Allusions in Everyday Speech
Now, like I mentioned, an important element of allusion is that it is a passing reference—it is left unexplained, relying instead on the knowledge of the reader to piece it together. As such, the writer trusts that the intended reader has the knowledge required to understand the allusion.
For instance, in everyday speech one might say, “Way to go, Romeo!” without any sort of explanation as to what that phrase means. This is of course an allusion to Shakespeare’s character from Romeo & Juliet that requires the listener to have knowledge of the play (most of us do on some level, whether we’ve read the play or not). We know automatically that the person being called “Romeo” is in some way romantically involved, although the context is key in order to determine what exactly was meant by the phrase. If said with a sarcastic tone, for example, the speaker might be criticizing this person for doing something that is in fact very unromantic. Ultimately, “Romeo” is an allusion to a historical, literary work.
Other allusions in everyday speech include “You’re a regular Einstein” or “This place is like the Garden of Eden”. Most of us know that the person is not literally Einstein in this case and that the place is not literally the Garden of Eden; instead, we use our knowledge of Einstein (“genius”) and the Garden of Eden (“perfect paradise”) in order to interpret the speaker’s intended meaning.
Allusions in Written Works
Allusions are commonly used in literary works. Experienced authors refer back to Shakespeare quite often, for instance, or Biblical events and Greek tragedies. These older sources are quite popular, though newer sources are also used. Before we get any further, let’s look at some specific examples of allusions:
Martin Luther King, Jr. used the phrase “Five score years ago…” in his “I Have a Dream” speech. This is a reference to President Lincoln’s Gettysburg Address, which originally began with “Four score and seven years ago…” As you can see, King’s phrasing is a subtle reference, hence an allusion! By doing this, he was able to accomplish a few things: 1) It connects the Civil Rights movement with the abolition of slavery, thus showing the pressing nature of both and suggesting that gaining equal rights is a crucial next step in terms of social progress 2) It refers back to a moment in history of great significance 3) It recalls, and by doing so, adopts the authority of President Lincoln.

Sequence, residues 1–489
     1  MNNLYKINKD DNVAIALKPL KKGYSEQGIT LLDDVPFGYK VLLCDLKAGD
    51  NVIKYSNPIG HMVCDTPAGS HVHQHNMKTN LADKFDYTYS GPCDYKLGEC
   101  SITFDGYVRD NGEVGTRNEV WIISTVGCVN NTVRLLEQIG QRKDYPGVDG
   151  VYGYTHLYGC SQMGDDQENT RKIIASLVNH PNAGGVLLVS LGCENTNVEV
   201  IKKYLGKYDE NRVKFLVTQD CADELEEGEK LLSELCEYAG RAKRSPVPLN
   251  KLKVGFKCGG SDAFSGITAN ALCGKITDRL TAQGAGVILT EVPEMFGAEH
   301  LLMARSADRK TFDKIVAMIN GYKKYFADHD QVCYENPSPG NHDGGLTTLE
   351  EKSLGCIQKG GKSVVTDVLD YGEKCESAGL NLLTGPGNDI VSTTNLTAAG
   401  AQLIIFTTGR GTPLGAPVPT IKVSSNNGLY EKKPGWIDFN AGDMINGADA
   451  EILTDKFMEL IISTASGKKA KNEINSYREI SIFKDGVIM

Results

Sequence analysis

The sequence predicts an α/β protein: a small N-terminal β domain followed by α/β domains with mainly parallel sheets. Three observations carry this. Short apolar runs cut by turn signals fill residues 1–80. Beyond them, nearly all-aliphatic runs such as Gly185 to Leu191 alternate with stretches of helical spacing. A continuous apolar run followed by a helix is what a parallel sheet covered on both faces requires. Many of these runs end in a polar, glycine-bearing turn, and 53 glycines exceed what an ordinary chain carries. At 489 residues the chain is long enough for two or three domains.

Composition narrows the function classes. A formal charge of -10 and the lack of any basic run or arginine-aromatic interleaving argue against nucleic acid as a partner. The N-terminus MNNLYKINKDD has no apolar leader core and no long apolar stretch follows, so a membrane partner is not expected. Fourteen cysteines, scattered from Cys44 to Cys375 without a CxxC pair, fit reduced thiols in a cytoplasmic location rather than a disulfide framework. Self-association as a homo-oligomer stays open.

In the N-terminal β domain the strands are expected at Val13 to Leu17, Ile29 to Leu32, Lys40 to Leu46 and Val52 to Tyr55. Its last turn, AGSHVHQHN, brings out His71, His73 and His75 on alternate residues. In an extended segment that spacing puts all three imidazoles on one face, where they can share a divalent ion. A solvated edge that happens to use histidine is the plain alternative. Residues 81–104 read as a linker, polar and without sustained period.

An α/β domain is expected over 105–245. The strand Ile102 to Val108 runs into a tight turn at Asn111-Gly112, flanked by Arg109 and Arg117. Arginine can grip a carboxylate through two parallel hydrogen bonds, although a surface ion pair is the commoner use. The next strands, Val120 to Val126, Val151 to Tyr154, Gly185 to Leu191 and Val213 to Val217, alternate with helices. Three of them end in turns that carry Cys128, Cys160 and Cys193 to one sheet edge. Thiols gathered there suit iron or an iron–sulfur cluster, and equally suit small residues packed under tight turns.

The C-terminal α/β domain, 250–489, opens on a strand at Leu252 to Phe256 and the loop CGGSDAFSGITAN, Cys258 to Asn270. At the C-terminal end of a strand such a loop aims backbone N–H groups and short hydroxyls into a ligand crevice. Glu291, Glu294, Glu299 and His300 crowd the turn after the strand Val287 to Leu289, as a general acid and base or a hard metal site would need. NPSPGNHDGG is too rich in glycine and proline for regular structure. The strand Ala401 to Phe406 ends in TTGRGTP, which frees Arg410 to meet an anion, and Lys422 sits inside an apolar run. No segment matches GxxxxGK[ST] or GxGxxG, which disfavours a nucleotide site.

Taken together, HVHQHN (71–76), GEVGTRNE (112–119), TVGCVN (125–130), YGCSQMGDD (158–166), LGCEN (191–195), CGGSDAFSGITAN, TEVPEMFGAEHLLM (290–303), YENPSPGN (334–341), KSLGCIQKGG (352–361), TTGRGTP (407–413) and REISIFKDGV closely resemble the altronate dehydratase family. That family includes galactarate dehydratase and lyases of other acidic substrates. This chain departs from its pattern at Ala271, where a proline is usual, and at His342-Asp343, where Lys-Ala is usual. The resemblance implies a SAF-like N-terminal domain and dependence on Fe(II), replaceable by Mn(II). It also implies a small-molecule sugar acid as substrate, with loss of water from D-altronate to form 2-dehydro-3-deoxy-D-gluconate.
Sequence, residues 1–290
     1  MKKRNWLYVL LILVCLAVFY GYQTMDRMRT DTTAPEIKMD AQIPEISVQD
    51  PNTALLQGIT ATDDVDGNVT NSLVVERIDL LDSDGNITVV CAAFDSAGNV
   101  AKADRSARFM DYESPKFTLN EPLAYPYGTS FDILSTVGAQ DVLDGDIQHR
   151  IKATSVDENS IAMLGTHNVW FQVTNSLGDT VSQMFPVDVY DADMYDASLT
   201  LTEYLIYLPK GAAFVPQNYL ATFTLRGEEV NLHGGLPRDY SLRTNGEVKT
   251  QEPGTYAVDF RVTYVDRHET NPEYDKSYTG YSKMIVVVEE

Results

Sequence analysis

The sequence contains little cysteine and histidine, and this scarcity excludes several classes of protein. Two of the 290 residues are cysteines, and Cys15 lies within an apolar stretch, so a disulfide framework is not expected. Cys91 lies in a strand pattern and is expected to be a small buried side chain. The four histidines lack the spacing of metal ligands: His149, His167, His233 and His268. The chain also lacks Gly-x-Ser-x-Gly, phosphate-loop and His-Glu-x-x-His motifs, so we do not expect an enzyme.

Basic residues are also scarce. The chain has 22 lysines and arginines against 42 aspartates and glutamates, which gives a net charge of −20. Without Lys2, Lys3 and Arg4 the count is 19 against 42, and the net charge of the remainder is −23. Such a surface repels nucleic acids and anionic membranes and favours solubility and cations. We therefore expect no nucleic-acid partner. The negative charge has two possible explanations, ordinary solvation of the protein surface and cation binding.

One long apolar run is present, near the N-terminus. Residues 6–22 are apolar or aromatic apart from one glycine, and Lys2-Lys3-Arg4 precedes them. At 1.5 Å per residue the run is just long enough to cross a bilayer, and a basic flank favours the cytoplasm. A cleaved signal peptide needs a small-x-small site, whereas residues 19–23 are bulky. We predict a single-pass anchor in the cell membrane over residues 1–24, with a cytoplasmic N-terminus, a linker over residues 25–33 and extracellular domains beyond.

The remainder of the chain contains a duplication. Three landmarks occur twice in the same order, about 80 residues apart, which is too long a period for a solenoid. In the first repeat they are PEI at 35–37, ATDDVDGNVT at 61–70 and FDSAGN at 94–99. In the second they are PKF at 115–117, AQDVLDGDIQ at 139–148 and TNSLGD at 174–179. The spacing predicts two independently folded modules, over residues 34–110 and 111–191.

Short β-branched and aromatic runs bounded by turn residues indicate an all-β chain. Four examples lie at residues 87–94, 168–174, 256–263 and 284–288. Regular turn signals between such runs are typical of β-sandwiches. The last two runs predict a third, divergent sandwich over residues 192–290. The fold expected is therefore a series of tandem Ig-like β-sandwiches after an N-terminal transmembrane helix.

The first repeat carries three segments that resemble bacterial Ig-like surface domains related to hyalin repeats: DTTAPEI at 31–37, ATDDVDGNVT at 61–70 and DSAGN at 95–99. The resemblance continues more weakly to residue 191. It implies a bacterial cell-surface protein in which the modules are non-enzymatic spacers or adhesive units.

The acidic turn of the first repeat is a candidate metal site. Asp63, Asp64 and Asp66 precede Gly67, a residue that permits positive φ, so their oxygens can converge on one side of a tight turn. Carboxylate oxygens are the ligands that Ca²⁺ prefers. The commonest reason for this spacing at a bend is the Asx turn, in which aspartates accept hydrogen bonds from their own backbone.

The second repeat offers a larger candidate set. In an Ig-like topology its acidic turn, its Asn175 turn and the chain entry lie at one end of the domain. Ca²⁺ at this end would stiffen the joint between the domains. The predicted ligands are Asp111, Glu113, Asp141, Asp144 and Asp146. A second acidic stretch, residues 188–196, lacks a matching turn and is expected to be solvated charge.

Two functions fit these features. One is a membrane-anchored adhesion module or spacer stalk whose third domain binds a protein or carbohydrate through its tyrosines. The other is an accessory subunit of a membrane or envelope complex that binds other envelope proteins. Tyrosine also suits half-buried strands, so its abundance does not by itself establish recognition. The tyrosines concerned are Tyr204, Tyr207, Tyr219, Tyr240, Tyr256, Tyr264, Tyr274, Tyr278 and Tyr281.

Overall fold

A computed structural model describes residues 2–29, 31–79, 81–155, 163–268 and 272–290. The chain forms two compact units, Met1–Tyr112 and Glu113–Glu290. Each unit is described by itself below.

Another, more modern example would be Big Brother. Big Brother is used quite often in writing and in everyday speech. This refers to the always-watching presence from George Orwell’s 1984 which tells the story of a dystopian world under a constant state of government surveillance. When used in writing or speech, Big Brother is a way of referring to mass surveillance or governmental abuse of power. Note again, too, that this is understood if one is familiar with the plot of Orwell’s novel. In this case, using Big Brother also functions as shorthand because it is much quicker to use this term than to get into a long discussion of government abuse and mass surveillance.
Achilles’ heel alludes to Homer’s Illiad, the Greek epic. The epic’s hero, Achilles, has one point of vulnerability—his heel. As such, references to Achilles’ heel are often used to refer to a point of great vulnerability. This can also be used jokingly. For example, one might say that chocolate is their Achilles’ heel, which is of course an exaggeration. This might be a way of using an allusion to avoid saying something bland like “I really, really like chocolate.”
Allusions in Your Own Writing
So what about using allusions in your own writing? There are several reasons for doing so:
Firstly, allusions allow you to simplify ideas: Think back to the Big Brother example – this allows you to get your point across without going into a deep discussion about government surveillance and totalitarianism. In this way, the idea is both simplified and you don’t need to spend a lot of time explaining it.
Secondly, alluding to events can create powerful parallels: Think back to the King example and his use of “Five score years ago…” the phrase which echoed Lincoln’s phrase in the Gettysburg Address. Consider, for example, using similar phrases from history when writing a persuasive essay. If you’re writing a persuasive essay with the goal of persuading readers to take action on climate change, then you might think of famous phrases or texts from history and recycle or recall these phrases or ideas. Which famous phrases have been used in the past when fighting for social causes? These might just work as parallels for the present fight against global warming.
And thirdly, a little rhetorical flourish can go a long way: Allusions usually make your writing more interesting. For one, they show knowledge of literature, history, and culture in general. In this way, you are able to produce credibility in your writing (you might know this as ethos); you, in a sense, become more trustworthy and authoritative. While I wouldn’t suggest simply “showing off,” many teachers and professors might find allusions to literary or historical sources impressive.
As you can see, allusions are very useful literary devices or figures of speech used in everyday speech and writing. Learning to use them thoughtfully in your writing can really go a long way toward enhancing the effect of your work!
Before we go, here’s a review question to test your knowledge:
Which of these statements about allusions is false?
- Allusions refer to previous events
- Allusions can help simplify ideas
- Allusions can make your writing more interesting
- Allusions explain what they refer to for the reader
Thanks for watching, and happy studying!